Couldn’t agree more. Looks like Roman’s did everything they could in their own power once they knew something was up.

      I’m sure that wouldn’t be the case everywhere

      1. Poster121

        Absolutely not, they realised it would come out so arranged this situation to prevent a PR disaster. 

    3. thepropertyexpert

      Fair play to Romans? Done the right thing? They’ve simply thrown everyone else under the bus as they knew the story was going to break…same old…same old…


      After all, isn’t this the same firm we saw walking out of court on television for falsely erecting sold boards outside their own directors homes??…didn’t get away with that one either.

    4. The Hero

      I suppose my point though is that the organisation has, quite rightly, ‘gone public’ as soon as it has discovered that branch managers were acting illegally.

      It’s not beyond the realms of possibility that the higher echelons had no idea that the culprits were doing this, so to my mind they have done exactly what they should have done once they discovered this was taking place.

  9. whatdoiknow58

    Cannot believe anyone is defending these crooks or making light of it. Donald Trump?? This was fraud based upon greed pure and simple greed. ‘ We did it to survive ‘ for 7 years? If that’s part of your defence I would get a better lawyer as you are going to need one.

  10. iamarealistEA

    Amazed that they did not include the other three agents in Reading that were involved in this cartel…

    1. Eyereaderturnedposter12

      Are you alleging that there are 7 agents involved, in total?
      Do tell…

      1. iamarealistEA

        No, only 5 agents. Meetings between 5 agents in Reading happened in 2008 and 2009 and were held in Romans offices, two of which have been named in the report the other 3 are agents with offices in RG1.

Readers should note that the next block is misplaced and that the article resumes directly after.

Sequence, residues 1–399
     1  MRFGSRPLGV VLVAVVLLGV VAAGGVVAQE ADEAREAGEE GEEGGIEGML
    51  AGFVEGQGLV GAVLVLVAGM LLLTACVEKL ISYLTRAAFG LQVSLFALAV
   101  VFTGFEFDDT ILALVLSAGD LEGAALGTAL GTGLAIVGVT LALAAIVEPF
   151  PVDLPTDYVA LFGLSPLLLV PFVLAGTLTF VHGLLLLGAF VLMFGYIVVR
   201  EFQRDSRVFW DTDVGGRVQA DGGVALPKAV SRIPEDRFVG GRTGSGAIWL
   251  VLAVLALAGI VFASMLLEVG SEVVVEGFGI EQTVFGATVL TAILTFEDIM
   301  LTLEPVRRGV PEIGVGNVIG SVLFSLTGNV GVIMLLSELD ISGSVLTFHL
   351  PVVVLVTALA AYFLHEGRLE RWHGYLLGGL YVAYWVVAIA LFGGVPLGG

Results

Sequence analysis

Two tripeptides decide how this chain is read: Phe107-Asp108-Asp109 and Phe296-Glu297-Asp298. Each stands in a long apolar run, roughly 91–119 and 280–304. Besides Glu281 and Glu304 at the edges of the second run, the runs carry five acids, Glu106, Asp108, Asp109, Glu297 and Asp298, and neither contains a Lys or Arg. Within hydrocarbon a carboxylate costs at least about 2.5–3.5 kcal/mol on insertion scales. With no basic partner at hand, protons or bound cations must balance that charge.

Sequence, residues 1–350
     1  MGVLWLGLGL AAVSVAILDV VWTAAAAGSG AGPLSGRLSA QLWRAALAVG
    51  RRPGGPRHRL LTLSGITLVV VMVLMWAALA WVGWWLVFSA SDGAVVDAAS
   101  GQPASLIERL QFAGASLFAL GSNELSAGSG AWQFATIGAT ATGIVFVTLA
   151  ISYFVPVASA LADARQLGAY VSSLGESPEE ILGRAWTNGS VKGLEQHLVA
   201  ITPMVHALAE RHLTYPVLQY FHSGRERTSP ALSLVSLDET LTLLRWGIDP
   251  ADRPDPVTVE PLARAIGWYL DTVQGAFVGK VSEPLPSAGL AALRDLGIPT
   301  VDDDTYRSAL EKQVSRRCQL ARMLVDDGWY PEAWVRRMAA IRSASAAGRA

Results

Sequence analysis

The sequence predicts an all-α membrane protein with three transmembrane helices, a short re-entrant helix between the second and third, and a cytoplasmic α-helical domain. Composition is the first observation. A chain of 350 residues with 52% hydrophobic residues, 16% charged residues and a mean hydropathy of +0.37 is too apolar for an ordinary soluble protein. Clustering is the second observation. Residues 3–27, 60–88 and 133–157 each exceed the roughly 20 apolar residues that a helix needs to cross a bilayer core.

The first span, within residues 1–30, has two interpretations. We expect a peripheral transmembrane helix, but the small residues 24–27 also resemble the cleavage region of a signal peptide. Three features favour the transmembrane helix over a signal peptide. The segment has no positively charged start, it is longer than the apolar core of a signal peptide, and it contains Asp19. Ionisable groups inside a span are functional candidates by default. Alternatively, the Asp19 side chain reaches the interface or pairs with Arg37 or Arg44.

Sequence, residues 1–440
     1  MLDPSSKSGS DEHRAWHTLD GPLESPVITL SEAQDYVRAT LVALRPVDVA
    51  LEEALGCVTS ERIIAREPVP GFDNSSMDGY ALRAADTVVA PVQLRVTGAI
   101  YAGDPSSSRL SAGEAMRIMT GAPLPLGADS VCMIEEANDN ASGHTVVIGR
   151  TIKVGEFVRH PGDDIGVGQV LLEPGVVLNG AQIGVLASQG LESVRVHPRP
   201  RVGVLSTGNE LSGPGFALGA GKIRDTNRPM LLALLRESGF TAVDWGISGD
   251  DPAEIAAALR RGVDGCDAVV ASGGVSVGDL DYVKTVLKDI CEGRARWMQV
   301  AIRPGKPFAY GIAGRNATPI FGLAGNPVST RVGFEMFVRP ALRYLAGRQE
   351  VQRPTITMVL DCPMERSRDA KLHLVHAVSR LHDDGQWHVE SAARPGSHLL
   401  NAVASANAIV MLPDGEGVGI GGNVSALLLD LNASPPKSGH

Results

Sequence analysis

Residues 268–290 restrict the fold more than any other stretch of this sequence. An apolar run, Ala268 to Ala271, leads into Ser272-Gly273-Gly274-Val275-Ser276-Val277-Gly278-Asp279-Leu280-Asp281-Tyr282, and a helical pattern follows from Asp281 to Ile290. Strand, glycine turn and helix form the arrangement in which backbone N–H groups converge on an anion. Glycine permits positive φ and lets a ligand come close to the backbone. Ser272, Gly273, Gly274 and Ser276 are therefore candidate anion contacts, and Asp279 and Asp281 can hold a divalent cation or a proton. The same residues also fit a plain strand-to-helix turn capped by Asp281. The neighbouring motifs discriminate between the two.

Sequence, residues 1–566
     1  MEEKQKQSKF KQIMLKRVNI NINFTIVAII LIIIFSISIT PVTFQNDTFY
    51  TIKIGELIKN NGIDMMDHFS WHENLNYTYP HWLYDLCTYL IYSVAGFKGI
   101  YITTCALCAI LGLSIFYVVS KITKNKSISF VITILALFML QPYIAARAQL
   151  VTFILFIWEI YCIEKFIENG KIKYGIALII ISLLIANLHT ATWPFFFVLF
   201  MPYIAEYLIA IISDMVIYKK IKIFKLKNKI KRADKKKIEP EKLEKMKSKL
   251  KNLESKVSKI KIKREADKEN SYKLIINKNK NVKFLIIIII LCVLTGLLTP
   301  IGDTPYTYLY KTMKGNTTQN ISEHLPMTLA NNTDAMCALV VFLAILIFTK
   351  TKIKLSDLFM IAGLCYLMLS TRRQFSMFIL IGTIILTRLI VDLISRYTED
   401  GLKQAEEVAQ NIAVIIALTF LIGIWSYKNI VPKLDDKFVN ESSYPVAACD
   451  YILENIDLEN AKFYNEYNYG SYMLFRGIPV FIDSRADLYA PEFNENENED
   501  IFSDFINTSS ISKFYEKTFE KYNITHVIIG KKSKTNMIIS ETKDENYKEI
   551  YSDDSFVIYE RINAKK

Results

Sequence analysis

2. RealAgent

      What apart from the fact that when you google the agents, all of them are in Wokingham and only two have offices in Reading?

      1. Poster121

        Not only that, all of their offices where spot checked 12 months ago and had investigators on the premisis for 3 days all in Wokingham branches. 

  11. PeeBee

    One Agent in a town sets a minimum Fee = fine and dandy.
    Two or more Agents in the same town set minimum Fees individually = fine and dandy
    Two or more Agents, in the very same conurbation, agree to set one minimum Fee = illegal act.  They are a “cartel”.
    They are in fact, in the words of a Senior Director of CMA, “…cheating homeowners and breaking the law.”
    They are, not, apparently, protecting their livelihoods and those of their staff – which surely is first rule of business.
    They are not, apparently, ensuring that a Fee be charged that enables them to provide a service commensurate to the customers’ expectations.
    They are not, apparently, ensuring that by trading profitably they remain in business thereby providing present and future homeowners (aka “the consumer” that these organisations purport to represent and champion) with the best possible range of Agents available to represent their interests.
    They are not, apparently, creating the opportunity for other Agents to deliberately undercut their Fee – thereby actually giving those Agents who cannot negotiate their own next meal a chance of securing business by dropping their pants and working for buttons.
    It’s a funny old world, innit…

    1. htsnom79

      “Assisted with the CMA’s subsequent investigation under its leniency programme” ie throw everybody else off a cliff to mitigate our own consequences.

      This doesn’t sit well with me either, everybody sets a minimum fee for individual p&l reasons, perfectly legal, UNLESS YOU TALK, and this in a business of no sale no fee…..

  12. DarrelKwong43

    cannot believe it was Romans, next you will be telling me they sell some over priced  service called a residency membership at 5% of the rent each month………….

    Oh hang on


You must be logged in to report this comment!

Leave a reply

If you want to create a user account so you can log in, click here

More top news stories

Warning issued as thefts take place in agency branches as a result of social distancing rules

Continue Reading ...

Auctions may have changed forever – EYE hears from firms embracing the virtual saleroom

Continue Reading ...

Thank you for signing up to our newsletter, we have sent you an email asking you to confirm your subscription. Additionally if you would like to create a free EYE account which allows you to comment on news stories and manage your email subscriptions please enter a password below.